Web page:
Elise Phalen just graduated from Boston University with a degree in English Literature. She was diagnosed with epilepsy at 11, and is more than happy to answer your questions about it. Originally from Arizona, she has travelled the world, studying and living in Hermosillo, Mexico and Grenoble, France as well as interning at the 2013 Sydney Writers’ Festival in Australia. Elise is now back in the Boston area and divides her time between making coffee at Starbucks, working at the public library, and fretting about the future.

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6 Comments

  1. While I’m glad that Finn’s epilepsy was not portrayed in terms of incorrect first aid or as tonic-clonic (probably better known as grand mal)–which, as you said, happens far, far too often–I confess to feeling weary when I read the surrealist description of his seizures. While I could have understood the description if it had followed a seizure and had been about Finn surfacing again, I’m annoyed that, after the seizure is over, Finn consciously remembers what he saw/hallucinated. I don’t know if that happens with anyone in real life, but I’ve never read of it in any non-fiction about the various forms of epilepsy. And my neurologists have been very clear about the unlikelihood of remembering anything that happens during a seizure. Granted, I have absence seizures (what used to be called petit mal) and not nonconvulsive partial seizures (which used to be called psychomotor)…but it doesn’t sound plausible.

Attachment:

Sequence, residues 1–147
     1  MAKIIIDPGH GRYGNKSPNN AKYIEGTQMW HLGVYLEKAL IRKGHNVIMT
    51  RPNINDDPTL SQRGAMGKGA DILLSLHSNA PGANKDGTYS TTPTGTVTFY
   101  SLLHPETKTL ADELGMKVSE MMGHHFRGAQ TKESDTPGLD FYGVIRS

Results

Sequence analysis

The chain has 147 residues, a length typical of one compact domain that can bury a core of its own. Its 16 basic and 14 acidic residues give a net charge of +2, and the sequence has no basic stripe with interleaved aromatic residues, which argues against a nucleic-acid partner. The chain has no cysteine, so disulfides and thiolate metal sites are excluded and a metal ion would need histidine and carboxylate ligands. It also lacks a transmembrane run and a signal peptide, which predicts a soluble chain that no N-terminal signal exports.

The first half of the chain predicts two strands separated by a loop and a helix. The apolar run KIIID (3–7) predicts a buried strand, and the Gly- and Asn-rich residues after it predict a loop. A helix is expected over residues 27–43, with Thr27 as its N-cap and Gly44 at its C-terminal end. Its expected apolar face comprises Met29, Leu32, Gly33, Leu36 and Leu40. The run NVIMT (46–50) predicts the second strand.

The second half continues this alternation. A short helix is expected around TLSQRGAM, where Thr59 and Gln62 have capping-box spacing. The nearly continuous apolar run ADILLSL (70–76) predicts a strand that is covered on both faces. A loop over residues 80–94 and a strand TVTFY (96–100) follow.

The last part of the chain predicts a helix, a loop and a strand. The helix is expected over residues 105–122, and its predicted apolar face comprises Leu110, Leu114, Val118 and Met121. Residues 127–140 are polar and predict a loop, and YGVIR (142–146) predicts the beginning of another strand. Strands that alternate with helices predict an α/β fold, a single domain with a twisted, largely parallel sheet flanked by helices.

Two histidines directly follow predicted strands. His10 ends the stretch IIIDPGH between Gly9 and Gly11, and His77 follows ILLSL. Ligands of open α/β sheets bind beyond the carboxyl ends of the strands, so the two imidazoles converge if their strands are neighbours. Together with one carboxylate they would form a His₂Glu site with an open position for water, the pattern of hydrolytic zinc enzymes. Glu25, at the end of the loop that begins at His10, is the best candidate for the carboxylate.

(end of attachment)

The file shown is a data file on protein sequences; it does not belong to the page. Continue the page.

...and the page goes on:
Also, I winced at the writer calling Finn’s experiences during his seizures “beautiful.” I’ve seen this before, too–writers depicting disability as leading the disabled person to see the world in a beautiful and often transcendent way that the able-bodied do not experience. In my experience, epileptic characters in particular seem to get stuck with the mystic tag. While the writer is not calling Finn a mystic, his acid-trip description of Finn’s hallucinations during his seizures is all too familiar.